Movie Review ~ Everybody’s Talking About Jamie

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The Facts:

Synopsis: Inspired by true events and adapted from the award-winning hit musical from London’s West End. While his classmates plan their livelihoods after they leave school, Jamie New, a teenager from Sheffield, contemplates revealing his secret career ambition to become a fierce and proud drag queen.

Stars: Max Harwood, Sarah Lancashire, Lauren Patel, Shobna Gulati, Richard E. Grant, Sharon Horgan, Ralph Ineson, Samuel Bottomley

Director: Jonathan Butterell

Rated: PG-13

Running Length: 115 minutes

TMMM Score: (7/10)

Review:  Two things a number of audiences have been missing over the past year were movies and musicals and are they ever in for a make-up session in 2021 with the release of no less than five movie musicals to hit both of their passions at once.  Despite June’s surprisingly dismal reaction to the highly promoted big screen adaptation of the Tony-winning In the Heights, perhaps something a little more under the radar for American audiences has a chance to build some word of mouth.  At least that’s what the producers of Everybody’s Talking About Jamie are hoping for, I’d imagine, and they certainly are being smart with releasing the film first for a limited run in theaters before making it more widely available on Amazon Prime a week later.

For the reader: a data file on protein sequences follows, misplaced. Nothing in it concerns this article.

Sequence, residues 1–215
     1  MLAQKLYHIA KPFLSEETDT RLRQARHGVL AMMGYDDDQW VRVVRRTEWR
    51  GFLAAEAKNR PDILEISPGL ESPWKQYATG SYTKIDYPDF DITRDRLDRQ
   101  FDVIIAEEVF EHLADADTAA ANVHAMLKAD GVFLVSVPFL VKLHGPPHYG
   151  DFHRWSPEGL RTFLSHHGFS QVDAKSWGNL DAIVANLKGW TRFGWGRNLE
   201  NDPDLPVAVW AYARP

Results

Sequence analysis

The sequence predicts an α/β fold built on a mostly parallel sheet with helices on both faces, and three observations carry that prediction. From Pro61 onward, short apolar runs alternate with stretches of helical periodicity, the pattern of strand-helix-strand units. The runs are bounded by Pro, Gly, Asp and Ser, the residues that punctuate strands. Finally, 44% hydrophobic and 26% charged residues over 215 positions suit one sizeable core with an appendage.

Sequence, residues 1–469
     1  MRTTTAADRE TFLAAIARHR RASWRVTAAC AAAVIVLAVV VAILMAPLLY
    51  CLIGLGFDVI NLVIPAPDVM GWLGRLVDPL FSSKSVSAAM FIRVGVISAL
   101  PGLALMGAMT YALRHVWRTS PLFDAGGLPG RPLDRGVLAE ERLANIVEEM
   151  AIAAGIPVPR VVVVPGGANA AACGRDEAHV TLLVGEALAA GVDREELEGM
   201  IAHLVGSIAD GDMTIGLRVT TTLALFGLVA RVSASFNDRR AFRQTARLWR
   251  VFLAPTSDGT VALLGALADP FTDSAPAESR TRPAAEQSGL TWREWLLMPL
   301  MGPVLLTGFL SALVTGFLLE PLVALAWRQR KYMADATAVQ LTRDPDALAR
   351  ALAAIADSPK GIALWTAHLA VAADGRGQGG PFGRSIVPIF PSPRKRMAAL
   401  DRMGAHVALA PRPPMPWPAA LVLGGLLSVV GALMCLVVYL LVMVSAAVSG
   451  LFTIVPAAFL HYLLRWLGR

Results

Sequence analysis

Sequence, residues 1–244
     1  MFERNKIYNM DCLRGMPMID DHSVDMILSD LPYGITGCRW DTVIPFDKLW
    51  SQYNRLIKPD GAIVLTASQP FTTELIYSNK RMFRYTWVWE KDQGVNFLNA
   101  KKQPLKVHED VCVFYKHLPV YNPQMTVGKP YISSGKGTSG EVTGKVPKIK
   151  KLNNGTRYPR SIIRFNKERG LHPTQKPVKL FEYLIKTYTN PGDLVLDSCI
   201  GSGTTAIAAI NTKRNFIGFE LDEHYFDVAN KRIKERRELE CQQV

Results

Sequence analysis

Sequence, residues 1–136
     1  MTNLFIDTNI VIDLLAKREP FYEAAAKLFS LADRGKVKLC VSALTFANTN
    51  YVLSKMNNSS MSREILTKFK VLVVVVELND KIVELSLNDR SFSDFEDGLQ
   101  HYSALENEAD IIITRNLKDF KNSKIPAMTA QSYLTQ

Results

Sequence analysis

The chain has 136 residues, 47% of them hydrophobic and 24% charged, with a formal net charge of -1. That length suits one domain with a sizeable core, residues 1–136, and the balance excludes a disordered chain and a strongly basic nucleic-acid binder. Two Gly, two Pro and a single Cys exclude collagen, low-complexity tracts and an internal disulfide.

Born in the West End in late 2017, the musical is the true-life story of Jamie Campbell, a County Durham teenager profiled in the documentary Jamie: Drag Queen at 16.  Though I haven’t seen the documentary, the musical written by Tom MacRae and Dan Gillespie Sells evidently hews close to Campbell’s and there’s a particular simplicity to the writing which implies no one needed to craft in dramatic peaks and valleys to shape it into a traditional three act structure.  Some stories are meant for the stage, others are destined to be musicalized…Campbell’s tale of growing up gay and fabulous in a small North England village was certain to be dazzling.